"I did get really unwell at Uni, but at the same time I was OK ... like I might have got quite physically unwell, really low weight, but I was doing something that I enjoyed, so I was OK."

Wellbeing is not simply dependent on how serious a person’s mental health condition is. The ability to self-manage, the presence of support, previous experiences, the state of their home, working and social lives are all key factors. Someone suffering from a relatively mild mental health problem may have a lower sense of wellbeing depending on these factors than someone with a more severe condition.

Whole person support

It is vital that young people receive help to lead active and healthy social and working lives, and to have focus away from their illness.

Importance of spatial design

"There were pictures up on the walls in the waiting room, pictures drawn by kids. The one that always sticks in my head was picture of a gun, picture of a knife, picture of mum and dad and it said ‘Home at Christmas’. And I’m like ... take it down, take it down!"

The design of a space affects users’ emotional state; effort needs to be put into creating a positive and calming environment. Waiting and consulting rooms should not inspire anxiety.

Trusted figures

"I don’t like social workers ... I just don’t! ... If it's an NHS thing or it's got an NHS badge, that might turn me off as well, because I’m already involved with the NHS so much."

Trusting people for advice and support varies. It is important to recognise that what might work for someone may not for others.

Sustained support

"Something that really helped after coming out of hospital a few years ago was having a nurse I could always contact, and they’d get back to you in 24 hours ... I haven’t used it that much but just knowing that it is there is good."

Having a named professional who can be contacted at any time is extremely valuable.

Urgency and acute distress

"Even a day is a long time when you are contemplating killing yourself. Even an hour is a long time."

A fast response time is absolutely crucial when dealing with young people in acute distress.

Digital Insights

Digital media ‘withdrawal’

"I walked to the shop the other day without my phone. To start with I was like 'Oh no, I forgot my phone!'. But then it was actually so nice to go for a walk without my phone, when I stopped worrying about it ..."

Some people check phones so frequently that they experience withdrawal-like symptoms and mild anxiety when they can’t do so, even for brief periods of time.


"There was a lot of upsetting stuff online recently by this feminist – I can’t remember her name – talking about rape and violence towards women. I actually had to mute the hashtag because I was like 'I just don’t want to see this on my stream just now. I was talking to a few people who did the same.'"

Managing behaviour consciously and positively is arguably as important online and offline when it comes to mental health. Tools like trigger filters already exist on social media sites to aid self-management.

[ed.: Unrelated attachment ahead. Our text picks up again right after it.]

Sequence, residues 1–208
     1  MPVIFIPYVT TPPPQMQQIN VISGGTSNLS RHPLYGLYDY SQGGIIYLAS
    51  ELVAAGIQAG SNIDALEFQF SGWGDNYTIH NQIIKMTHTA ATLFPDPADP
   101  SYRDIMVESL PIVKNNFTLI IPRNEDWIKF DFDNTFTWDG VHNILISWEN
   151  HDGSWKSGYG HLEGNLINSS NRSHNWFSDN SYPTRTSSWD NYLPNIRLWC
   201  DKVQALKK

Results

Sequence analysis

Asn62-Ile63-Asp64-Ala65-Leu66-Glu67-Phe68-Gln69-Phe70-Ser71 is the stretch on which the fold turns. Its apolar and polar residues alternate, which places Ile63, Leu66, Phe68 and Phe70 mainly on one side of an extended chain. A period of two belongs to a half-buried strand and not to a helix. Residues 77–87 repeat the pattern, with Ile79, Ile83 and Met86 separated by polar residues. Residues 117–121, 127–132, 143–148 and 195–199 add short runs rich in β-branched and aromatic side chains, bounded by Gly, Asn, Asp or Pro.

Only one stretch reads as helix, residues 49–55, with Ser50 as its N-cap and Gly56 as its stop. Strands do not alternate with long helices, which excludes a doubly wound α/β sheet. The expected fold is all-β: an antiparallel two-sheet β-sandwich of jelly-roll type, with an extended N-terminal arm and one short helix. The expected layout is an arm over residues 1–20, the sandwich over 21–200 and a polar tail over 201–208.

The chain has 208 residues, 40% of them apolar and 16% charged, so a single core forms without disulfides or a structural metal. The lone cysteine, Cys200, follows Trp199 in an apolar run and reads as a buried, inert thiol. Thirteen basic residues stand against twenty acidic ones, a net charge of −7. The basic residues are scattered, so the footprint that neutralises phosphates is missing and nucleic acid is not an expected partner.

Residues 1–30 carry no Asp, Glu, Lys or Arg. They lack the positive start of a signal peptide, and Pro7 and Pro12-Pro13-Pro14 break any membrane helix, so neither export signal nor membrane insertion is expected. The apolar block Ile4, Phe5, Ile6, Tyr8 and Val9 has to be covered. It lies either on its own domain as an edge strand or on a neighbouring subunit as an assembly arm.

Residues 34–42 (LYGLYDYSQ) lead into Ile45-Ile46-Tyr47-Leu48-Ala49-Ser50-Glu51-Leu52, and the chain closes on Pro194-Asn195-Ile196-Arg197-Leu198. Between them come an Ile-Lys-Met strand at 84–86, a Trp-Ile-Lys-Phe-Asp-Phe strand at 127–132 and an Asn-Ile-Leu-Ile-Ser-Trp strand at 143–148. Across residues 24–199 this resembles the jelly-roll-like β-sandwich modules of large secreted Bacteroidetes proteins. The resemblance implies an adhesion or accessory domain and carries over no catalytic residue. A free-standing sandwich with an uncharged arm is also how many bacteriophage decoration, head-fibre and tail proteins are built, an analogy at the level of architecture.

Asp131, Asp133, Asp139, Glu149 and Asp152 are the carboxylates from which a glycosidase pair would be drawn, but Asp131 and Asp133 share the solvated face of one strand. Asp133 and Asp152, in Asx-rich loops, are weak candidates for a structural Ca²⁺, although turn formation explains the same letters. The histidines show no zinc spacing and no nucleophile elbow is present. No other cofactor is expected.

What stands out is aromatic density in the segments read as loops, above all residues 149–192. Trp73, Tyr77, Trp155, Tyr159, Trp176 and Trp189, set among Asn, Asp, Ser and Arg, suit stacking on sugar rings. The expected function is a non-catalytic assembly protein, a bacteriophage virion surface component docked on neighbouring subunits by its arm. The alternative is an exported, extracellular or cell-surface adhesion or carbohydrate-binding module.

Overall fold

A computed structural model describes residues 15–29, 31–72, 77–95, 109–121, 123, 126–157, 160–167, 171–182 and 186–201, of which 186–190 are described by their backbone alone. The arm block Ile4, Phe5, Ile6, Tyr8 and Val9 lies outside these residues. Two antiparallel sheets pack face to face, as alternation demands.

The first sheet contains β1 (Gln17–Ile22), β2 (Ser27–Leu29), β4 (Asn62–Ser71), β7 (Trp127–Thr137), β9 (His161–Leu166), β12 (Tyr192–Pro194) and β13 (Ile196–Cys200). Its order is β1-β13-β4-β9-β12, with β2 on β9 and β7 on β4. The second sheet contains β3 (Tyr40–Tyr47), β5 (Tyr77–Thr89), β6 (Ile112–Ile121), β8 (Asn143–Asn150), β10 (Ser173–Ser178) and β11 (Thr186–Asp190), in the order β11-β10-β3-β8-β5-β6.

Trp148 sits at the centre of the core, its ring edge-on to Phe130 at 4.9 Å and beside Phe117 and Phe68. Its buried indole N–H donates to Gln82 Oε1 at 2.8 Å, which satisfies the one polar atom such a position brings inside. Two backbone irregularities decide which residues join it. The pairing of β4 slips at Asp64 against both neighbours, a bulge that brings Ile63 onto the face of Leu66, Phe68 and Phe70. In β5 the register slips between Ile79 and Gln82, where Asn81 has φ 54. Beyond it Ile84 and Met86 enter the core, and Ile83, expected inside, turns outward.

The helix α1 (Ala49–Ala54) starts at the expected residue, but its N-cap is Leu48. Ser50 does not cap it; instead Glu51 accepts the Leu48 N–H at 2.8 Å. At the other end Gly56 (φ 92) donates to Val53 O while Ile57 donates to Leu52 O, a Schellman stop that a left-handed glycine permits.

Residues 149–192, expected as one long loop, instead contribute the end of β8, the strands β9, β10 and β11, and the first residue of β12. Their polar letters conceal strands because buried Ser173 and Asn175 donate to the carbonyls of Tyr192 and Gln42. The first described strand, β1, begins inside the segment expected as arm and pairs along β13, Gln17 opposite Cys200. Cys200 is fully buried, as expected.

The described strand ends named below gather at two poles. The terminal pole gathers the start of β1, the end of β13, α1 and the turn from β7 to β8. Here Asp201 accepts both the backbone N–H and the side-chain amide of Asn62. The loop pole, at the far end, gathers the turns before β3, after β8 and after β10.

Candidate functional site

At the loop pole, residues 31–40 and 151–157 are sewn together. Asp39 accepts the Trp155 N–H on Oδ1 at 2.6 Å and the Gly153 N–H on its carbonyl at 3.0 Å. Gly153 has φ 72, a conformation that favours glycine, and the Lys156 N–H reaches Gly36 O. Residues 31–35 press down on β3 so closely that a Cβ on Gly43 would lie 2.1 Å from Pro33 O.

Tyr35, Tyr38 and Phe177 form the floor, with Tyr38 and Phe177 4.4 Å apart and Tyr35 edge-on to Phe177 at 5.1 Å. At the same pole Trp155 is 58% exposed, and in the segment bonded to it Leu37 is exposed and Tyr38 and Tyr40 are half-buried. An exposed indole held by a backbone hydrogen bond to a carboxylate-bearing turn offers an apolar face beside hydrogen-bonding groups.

"I used a blog every day for two years ... but eventually I got rid of it because it was quite negative. Then I started another blog, but I mistakenly gave some people the password and realised I didn’t want them to read it, so I deleted that one too."

Reading peer blogs can foster a feeling of support but blogging communities can also be negative, sometimes attracting abuse and misplaced advice.

Private internet access

"I used Livejournal when I first got ill to track my weight going down and stuff, but I didn’t have it for long ... those were the days when you only had a shared family computer, so ..."

As in Greig’s story, having a shared Internet access can cause difficulty. Negative online behaviours can go largely unchecked and lower young person's threshold of self-regulation.

Negative online content

"The targeted ads on Facebook I find quite difficult ... I get a lot of the ‘Lose Two Stone In A Week’ type adverts ... sometimes I’m like, ‘Oh if they’re sending me this I must need to lose weight."

Users can be easily exposed to content which is potentially damaging for their mental wellbeing.


"You can think you’re doing everything right, everything positive ... BEAT is a good example, they’ve got their forums, you can’t mention numbers, you can’t mention food, all these things ruled out, but you can still see that people are competing, and that's just part of the illness ..."

The anonymity of forums helps young people express thoughts and questions they may be unable to raise elsewhere. Reading the comments of those in similar positions also allows them to feel less isolated and more understood. Some forum users can also provide invaluable positive advice. However, advice can sometimes be misplaced or potentially damaging.

Facebook vs Twitter

"Self harm and suicide ‘threats’ seem more common on Twitter than on Facebook ... perhaps it's not because there isn’t stuff on Facebook, just that you have to be friends with people to see it ... where as on Twitter it is easier to access this kind of stuff, it just involves searching a certain hashtag."

Young people’s Facebook networks contain close friends and, increasingly, older family members. As we have seen from the preference for anonymous forum and blog use, many vulnerable young people are unlikely - or unable - to share deeply personal and negative thoughts in such company. Twitter networks tend to be wider, often made up of complete strangers or more distant associates.